Do We Really Eat With Our Eyes?
Looks like our nutrition expert, Bob Wright, really knows what he’s talking about when it comes to portion control. In so many words, Bob has always preached that our eyes are hungrier than our mouths. Ask any chef and they will agree… we eat with our eyes and then our mouths. So when it comes to weight loss and weight management, one of the keys to success and cutting back on portions.
In a recent study, researchers at the University of Pennsylvania and Cornell University found that we tend to eat less when tricking our eyes by portioning out food. They came to this conclusion by giving students one of two types of Lays’ potato chips. One group was simply given a regular can of Lays’, while the other was given a stack of chips with red, edible potato chip dividers inserted every 5-14 chips.
It’s easy to guess what the first group did. Not realizing how many chips they were actually eating, this group (without the red chip dividers) ate far more chips than the group with the dividers suggesting they had reached the serving size. In fact, the group with the red chip dividers reduced their potato chip consumption by 50%! Who knew a single red chip could do all that.
I think the lesson here is that we do in fact eat with our eyes. If a full plate is placed before us, chances are we’re going to eat everything on the plate and not stop at the suggested serving size—especially, if you grew up as a ‘clean plate’ kid being rewarded for eating everything on your plate.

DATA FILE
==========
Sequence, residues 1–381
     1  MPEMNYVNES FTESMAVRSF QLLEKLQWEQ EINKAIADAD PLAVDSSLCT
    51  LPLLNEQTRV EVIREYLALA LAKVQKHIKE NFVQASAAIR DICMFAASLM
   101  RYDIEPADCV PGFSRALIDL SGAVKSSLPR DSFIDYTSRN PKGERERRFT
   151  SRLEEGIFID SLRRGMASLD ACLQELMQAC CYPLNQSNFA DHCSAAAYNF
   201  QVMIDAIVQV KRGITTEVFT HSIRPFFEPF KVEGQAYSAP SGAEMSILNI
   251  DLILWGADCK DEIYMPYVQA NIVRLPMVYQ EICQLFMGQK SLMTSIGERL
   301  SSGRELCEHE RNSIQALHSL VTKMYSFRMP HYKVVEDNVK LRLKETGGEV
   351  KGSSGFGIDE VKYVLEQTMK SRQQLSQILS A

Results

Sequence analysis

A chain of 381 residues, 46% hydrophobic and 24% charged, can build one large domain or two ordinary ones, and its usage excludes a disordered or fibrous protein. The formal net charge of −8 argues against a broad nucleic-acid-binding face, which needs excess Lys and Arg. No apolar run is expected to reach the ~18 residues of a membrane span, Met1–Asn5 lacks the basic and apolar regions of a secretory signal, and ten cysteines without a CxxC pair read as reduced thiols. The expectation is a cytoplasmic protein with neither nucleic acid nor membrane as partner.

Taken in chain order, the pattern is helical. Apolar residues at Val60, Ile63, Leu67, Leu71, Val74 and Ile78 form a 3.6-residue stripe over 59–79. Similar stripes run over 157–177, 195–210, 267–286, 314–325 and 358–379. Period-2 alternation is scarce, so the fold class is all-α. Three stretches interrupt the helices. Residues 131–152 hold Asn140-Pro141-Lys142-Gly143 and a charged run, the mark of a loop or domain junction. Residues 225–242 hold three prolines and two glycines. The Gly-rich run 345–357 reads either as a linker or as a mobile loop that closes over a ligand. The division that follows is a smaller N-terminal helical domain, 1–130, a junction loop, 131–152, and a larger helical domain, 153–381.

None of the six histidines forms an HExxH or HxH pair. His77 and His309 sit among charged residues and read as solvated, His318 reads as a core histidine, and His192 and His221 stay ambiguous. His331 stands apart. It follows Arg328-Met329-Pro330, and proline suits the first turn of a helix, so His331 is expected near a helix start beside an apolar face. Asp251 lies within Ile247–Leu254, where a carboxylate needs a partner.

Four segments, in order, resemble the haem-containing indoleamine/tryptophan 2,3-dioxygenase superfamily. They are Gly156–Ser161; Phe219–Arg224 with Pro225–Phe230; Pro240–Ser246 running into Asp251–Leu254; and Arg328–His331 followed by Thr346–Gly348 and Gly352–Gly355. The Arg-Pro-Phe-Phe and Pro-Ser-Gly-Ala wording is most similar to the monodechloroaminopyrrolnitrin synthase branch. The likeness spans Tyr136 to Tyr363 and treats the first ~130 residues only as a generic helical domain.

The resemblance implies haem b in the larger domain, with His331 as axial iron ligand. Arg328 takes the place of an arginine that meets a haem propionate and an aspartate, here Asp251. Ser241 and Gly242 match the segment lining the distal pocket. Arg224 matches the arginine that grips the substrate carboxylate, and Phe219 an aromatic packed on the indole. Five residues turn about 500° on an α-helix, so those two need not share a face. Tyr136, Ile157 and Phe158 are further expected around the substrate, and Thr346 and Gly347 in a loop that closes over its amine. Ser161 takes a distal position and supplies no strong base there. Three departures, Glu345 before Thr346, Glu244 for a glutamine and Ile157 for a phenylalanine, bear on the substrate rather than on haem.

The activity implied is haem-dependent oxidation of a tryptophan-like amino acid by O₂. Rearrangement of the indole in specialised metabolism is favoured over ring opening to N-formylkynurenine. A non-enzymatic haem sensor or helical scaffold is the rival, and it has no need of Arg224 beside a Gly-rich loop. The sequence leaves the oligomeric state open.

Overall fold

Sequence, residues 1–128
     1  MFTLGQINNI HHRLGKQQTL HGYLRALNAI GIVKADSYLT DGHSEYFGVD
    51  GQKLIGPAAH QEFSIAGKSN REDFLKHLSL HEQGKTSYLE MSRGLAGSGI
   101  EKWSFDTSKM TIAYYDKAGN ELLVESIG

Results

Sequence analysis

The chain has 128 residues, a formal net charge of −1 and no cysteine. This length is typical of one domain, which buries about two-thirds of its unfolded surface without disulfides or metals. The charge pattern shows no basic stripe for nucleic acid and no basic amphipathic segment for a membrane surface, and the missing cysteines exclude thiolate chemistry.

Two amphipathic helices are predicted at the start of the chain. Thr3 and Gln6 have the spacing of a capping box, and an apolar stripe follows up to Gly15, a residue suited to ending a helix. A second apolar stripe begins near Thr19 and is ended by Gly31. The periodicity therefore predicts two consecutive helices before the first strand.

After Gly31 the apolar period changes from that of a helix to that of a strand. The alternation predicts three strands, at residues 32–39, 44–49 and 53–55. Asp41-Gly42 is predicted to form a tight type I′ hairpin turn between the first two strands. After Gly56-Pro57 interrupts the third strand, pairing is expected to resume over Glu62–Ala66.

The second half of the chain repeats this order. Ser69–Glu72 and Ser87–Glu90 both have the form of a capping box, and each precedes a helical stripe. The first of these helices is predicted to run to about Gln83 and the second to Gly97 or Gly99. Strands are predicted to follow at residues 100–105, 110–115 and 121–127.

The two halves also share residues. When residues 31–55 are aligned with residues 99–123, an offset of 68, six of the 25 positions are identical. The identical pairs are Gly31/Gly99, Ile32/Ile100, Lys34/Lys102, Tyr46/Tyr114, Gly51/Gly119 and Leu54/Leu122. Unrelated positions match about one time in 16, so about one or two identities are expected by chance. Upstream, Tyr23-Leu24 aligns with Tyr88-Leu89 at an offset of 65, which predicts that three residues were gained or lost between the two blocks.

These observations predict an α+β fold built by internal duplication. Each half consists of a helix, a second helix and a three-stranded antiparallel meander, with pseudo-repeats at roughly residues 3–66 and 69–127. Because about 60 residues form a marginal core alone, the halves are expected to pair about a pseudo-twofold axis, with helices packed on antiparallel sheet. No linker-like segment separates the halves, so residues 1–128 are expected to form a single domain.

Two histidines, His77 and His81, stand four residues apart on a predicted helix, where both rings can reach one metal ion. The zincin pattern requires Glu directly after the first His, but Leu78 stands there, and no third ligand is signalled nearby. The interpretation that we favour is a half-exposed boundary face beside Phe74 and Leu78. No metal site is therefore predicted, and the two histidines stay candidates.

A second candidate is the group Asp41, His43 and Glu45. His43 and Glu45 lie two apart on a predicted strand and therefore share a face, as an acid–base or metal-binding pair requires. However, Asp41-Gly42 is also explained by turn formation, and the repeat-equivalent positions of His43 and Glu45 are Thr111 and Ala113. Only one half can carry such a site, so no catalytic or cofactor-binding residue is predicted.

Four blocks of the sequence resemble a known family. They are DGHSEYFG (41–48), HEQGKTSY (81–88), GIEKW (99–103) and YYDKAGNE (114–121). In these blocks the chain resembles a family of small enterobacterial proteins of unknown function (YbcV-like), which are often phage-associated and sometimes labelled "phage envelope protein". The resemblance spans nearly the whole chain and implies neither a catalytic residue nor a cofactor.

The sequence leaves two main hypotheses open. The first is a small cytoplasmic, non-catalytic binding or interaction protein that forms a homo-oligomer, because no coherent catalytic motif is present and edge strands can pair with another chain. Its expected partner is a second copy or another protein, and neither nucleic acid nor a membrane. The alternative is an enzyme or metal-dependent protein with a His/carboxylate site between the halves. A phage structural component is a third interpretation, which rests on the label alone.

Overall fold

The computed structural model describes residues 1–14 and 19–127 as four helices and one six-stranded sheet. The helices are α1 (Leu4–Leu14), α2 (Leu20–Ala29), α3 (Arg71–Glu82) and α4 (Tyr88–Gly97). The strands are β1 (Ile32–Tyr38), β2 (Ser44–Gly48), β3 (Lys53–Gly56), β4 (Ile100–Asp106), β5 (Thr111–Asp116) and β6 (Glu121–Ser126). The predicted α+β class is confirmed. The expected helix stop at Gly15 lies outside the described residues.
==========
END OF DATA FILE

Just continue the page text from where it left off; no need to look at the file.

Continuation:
Over and over again, people are amazed when they arrive to Hilton Head Health and are surprisingly full on our 1200 calorie diet. Why is that? Because when we serve meals we usually start off with a salad and/or soup, we bulk up everything with lots of vegetables, and we avoid using huge plates. At home, there’s the temptation to load up oversized plates, not to mention the leftovers just begging to be eaten. Trick your eyes into thinking your eating more than you are by joining the Small Plate Movement. Hop down from a 12 inch plate to a set of 8-10 inch plates. A two inch difference in plate diameter or will result in 22% less calories at each meal. To put this in perspective – if the average dinner is 800 calories, a smaller plate would lead to a weight loss of around 18 lbs per year for the average sized adult. Read this post for more information on the Small Plate Movement.
The next time you’re itching for something salty try this: separate your servings of popcorn or chips as soon as you purchase them and you’ll know exactly how much you’re eating at a time. This simple act can put you one step closer to success!